We also have children come in to see us because they will get a phone call. Mom’s had a stroke, and Dad has died, so now they’re thrust into making all these decisions and taking care of their mother. So, they come in to seek our counsel and assistance in helping to deal with the crisis and put things in order, and make sure that Mom gets the proper care and lives the type of life that she wants. So, that middle group comes in initially for emergencies, or planning for their parents. They may realize, if they’ve listened or done any reading, that the best thing, from their standpoint, is for Mom and Dad to have all their affairs in order, so they don’t have a crisis thrown on them.
Sometimes we have the middle-aged person who has a child. Let’s say that child has an infant that has some type of physical or mental disability. That middle-aged person will want their child to have their affairs in order so that if something happens, that disabled grandchild will be properly taken care of.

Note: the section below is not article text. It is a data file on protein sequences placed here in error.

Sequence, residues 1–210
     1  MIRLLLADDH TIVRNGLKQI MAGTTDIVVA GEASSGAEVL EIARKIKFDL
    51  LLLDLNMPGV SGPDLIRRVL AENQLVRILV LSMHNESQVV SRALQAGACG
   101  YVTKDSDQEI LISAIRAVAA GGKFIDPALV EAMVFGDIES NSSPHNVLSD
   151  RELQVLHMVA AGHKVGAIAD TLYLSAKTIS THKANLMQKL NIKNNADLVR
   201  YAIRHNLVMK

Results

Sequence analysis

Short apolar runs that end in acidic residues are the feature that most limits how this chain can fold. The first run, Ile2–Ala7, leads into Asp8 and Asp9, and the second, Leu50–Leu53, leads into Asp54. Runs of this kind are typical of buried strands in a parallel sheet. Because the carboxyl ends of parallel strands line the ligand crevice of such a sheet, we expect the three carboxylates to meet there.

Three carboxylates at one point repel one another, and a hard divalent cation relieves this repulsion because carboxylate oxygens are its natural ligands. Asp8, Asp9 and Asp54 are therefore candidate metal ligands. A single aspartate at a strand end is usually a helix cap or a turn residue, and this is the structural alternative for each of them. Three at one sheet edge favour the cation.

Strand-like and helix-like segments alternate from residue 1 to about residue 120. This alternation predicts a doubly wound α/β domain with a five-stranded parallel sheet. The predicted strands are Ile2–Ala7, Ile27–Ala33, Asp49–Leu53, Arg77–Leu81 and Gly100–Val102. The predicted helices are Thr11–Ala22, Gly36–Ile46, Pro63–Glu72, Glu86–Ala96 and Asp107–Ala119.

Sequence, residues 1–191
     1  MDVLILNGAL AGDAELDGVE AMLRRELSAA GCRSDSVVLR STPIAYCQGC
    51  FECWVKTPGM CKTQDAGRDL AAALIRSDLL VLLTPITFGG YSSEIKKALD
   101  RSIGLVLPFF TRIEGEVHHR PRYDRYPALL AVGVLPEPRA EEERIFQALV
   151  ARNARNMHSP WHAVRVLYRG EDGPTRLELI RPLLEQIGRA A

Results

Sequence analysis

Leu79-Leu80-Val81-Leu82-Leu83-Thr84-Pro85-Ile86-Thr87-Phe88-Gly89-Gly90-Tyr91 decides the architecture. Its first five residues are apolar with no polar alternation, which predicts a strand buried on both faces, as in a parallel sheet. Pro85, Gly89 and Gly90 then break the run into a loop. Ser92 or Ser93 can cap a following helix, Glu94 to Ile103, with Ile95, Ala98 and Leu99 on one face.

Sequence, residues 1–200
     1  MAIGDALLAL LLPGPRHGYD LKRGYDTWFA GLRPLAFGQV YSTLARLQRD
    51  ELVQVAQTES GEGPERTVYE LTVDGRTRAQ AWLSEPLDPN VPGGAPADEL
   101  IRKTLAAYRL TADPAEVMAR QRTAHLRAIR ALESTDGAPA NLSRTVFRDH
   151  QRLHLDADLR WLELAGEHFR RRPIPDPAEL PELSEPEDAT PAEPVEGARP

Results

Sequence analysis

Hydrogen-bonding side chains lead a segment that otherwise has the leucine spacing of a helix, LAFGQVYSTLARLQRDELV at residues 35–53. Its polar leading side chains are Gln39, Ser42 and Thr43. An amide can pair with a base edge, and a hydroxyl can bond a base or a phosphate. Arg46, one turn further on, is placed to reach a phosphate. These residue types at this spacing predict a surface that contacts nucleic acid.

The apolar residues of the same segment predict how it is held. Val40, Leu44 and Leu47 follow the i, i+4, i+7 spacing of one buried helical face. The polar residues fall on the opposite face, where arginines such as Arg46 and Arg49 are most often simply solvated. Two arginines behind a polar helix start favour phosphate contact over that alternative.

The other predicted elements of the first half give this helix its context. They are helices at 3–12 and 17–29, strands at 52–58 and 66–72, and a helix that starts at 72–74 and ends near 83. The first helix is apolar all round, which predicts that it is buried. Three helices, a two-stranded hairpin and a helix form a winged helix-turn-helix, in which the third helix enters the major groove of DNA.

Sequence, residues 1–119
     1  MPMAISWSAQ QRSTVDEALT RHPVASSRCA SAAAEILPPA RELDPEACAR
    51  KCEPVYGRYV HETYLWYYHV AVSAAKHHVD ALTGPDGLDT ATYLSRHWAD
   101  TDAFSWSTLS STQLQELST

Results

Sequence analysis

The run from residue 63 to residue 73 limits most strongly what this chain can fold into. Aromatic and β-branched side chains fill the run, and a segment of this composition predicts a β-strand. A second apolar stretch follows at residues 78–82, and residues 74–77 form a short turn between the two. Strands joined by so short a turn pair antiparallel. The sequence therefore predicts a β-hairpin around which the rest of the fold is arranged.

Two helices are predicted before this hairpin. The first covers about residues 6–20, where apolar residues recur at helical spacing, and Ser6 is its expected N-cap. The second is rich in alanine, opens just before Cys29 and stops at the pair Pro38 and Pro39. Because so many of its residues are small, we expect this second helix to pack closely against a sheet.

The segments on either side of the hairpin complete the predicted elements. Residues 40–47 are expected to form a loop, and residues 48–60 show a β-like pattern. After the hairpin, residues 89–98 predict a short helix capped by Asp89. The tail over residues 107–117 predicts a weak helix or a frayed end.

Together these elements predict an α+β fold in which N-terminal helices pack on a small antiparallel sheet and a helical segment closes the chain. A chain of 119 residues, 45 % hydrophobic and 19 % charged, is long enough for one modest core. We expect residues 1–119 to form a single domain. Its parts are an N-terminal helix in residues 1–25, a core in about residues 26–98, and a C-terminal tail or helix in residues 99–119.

So, even though we call it elder law, and we’re dealing with the special problems of the elderly, those same issues present to middle-aged people and to young people. Whenever someone is sick, there are issues about who is going to control their medical condition, and who is going to control their money. The elderly piece of it just happens more frequently, and it’s more immediate. That’s why our typical client probably is anywhere from 60 to 85, or 90. But many times we end up dealing with the children who also have issues that need to be dealt with at the same time.
Sally Smith: So, if I were to decide I wanted these documents and needed to start to plan ahead, I would call you up? What would our first meeting be like? What’s a normal first meeting, is it an hour long, and what do we talk about?
Dennis Christenson: Well, one of the things about an elder law attorney that’s different, I think, than a regular estate planning attorney is that an elder law attorney sees things from a holistic standpoint. We’re looking at all of the person; we’re not just looking at documents. I can’t say other lawyers do it the same way, or even other elder law attorneys do it the same way.